Organization sends letter to FTC pleading for the search industry
As companies continue to call for regulation of Google, search industry organization SEMPO has come to the search engine’s defense. The Search Engine Marketing Professional Organization recently sent a letter to FTC Chairman Jon Leibowitz in an effort to explain why regulation is not a good idea.
According to SEMPO President Chris Boggs, the organization, which is made up of thousands of marketing professionals across 50 countries, wrote the letter in response to its members’ concerns. SEMPO felt it needed to voice these concerns and explain why its members want an “open, free channel of communication.”
Reprint from the National Journal 1983 http://thecre.com/pdf/20_Years_War.pdf
A reprint from the Environment Reporter http://www.thecre.com/pdf/Ford_PA1.PDF
A reprint from the first edition of the Enviromental Forum published by the The Environmental Law Institute, please see
By Juan Carlos Perez, IDG News
FairSearch.org, a coalition of companies critical of Google’s business practices, is urging all 50 U.S. state attorneys general to investigate the search giant over possible antitrust violations.
The coalition, which includes Google archrival Microsoft, as well as Travelocity, Kayak, Expedia and TripAdvisor, has sent a letter, along with a 44-page white paper, outlining several ways in which it alleges Google is illegally abusing its dominant position in search.
Google’s alleged antitrust violations harm competitors, consumers, innovation, economic growth and job creation, so it’s important for the attorneys general to probe Google’s business practices, according to FairSearch.org.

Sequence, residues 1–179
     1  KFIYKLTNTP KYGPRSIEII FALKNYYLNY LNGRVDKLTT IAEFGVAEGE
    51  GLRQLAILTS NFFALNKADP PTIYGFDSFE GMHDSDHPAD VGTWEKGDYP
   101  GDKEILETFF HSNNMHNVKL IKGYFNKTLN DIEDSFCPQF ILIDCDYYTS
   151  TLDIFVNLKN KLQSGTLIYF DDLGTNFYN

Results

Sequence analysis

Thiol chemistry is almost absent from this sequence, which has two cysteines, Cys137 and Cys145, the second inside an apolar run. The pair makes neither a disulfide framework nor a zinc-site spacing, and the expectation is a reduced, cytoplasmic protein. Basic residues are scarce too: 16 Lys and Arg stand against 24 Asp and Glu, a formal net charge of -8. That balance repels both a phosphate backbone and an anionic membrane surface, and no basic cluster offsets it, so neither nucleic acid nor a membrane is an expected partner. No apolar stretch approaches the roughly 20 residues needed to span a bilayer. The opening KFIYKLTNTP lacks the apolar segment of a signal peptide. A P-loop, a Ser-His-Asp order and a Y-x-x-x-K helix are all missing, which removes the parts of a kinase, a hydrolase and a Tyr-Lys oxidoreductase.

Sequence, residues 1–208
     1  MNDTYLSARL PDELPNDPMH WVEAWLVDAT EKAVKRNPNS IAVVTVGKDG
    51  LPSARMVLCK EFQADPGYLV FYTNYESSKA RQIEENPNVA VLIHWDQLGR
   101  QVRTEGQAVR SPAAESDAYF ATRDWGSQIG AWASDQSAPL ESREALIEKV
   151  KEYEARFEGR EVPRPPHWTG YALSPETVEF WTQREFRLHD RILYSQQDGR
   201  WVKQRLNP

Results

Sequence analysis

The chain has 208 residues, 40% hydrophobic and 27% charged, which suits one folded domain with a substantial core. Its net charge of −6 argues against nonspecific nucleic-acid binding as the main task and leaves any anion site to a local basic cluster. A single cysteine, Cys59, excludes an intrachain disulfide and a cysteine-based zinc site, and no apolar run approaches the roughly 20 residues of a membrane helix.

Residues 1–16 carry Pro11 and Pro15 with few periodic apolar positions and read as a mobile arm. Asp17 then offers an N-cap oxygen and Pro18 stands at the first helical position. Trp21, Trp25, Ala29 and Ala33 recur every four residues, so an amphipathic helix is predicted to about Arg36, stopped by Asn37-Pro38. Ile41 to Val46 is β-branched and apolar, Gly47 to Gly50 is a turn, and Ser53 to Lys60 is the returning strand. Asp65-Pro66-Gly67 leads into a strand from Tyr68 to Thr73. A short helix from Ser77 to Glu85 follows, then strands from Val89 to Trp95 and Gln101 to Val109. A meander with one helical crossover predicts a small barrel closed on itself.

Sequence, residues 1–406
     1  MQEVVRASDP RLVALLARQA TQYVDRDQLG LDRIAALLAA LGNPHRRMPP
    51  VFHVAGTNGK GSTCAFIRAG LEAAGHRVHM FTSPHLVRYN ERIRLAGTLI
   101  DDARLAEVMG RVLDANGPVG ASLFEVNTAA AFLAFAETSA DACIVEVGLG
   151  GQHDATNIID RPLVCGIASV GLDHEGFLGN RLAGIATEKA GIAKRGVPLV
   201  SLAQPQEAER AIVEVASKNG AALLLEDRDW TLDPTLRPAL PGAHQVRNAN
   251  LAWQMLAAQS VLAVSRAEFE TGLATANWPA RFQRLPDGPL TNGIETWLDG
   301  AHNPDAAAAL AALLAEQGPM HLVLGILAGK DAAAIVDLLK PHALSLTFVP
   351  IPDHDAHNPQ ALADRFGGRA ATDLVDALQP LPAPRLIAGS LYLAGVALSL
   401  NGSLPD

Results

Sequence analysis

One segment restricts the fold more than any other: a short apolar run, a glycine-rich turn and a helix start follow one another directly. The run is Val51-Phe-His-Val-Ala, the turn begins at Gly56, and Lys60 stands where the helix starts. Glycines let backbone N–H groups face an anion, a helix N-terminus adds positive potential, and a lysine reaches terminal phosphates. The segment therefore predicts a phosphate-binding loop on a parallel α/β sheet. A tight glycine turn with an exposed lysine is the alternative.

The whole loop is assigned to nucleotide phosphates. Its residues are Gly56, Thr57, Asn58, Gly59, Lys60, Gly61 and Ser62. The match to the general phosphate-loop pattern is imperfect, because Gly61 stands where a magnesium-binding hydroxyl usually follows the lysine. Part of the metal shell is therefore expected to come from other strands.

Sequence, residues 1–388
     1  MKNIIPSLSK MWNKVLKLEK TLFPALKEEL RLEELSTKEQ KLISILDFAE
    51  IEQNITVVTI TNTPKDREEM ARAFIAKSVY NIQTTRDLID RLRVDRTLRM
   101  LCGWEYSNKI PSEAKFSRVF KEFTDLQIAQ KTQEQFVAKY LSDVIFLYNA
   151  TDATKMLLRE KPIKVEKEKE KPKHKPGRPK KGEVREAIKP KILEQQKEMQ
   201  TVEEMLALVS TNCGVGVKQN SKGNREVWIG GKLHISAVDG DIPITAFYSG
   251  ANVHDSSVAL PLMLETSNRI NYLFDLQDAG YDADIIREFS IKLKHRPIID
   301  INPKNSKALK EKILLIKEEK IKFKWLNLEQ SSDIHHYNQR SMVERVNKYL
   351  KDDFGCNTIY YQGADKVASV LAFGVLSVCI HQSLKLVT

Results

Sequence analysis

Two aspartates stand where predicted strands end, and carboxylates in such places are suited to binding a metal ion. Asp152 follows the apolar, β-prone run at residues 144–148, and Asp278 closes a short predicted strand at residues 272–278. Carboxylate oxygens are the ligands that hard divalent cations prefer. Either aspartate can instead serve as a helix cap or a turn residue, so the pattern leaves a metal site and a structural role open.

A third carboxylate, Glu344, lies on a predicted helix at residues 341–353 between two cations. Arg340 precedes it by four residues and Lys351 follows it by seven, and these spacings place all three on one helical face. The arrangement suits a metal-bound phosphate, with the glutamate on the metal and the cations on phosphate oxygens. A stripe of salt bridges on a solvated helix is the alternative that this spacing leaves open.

From: ZDNet/Between the Lines
By Zack Whittaker
A leading regulatory watchdog is petitioning the Federal Trade Commission (FTC) in a bid to establish a “trade regulation” framework, which would set out how web companies like Facebook, Google and Twitter can operate lawfully.
The Center for Regulatory Effectiveness (CRE) is looking for ways to protect U.S.-based web-based services or companies, by bidding the FTC to define acts or practices which they consider unacceptable.
While Google and Twitter are both under FTC investigation, Facebook is subject to a petition for federal investigation, to deem whether they are acting unlawfully.
By: Kim Hart
Twitter is expanding its Washington presence.
The San Francisco-based social networking company announced Monday — via tweet, of course — that telecom policy veteran Colin Crowell will become Twitter’s head of global public policy.
Crowell was a long-time senior aide to Rep. Ed Markey (D-Mass.), where he handled the biggest technology and telecom issues in front of Congress over the past two decades. In 2009, he became senior adviser to FCC Chairman Julius Genachowski, helping to shape some of the commission’s early broadband policies and Open Internet order.
by Chris Chavez
Here we go again. Today, in a trial before the International Trade Commission in Washington, the world’s largest software maker, Microsoft, accused Motorola Mobility of infringing on 7 of their patents (thanks in part to Android) and is requesting a halt on imports of several Motorola handsets — namely the Droid 2, Droid X, Cliq XT, Devour, Backflip and Charm. Microsoft’s corporate vice president and deputy general counsel for litigation David Howard had this to say,
“We have a responsibility to our employees, customers, partners and shareholders to safeguard our intellectual property. Motorola is infringing our patents and we are confident that the ITC will rule in our favor.”
Fox Rothschild LLP
John R. Gotaskie, Jr.
Recently, the blogosphere has been all “atwitter” regarding the fact that, unbeknownst to the consumer, Apple Computer has been capturing location data from iPhones and iPads — meaning, if your employees and customers have these devices, Apple knows precisely where they have been. The captured location data is stored on an iPhone or iPad for up to one year and is uploaded to Apple’s servers every time a user syncs the device with iTunes.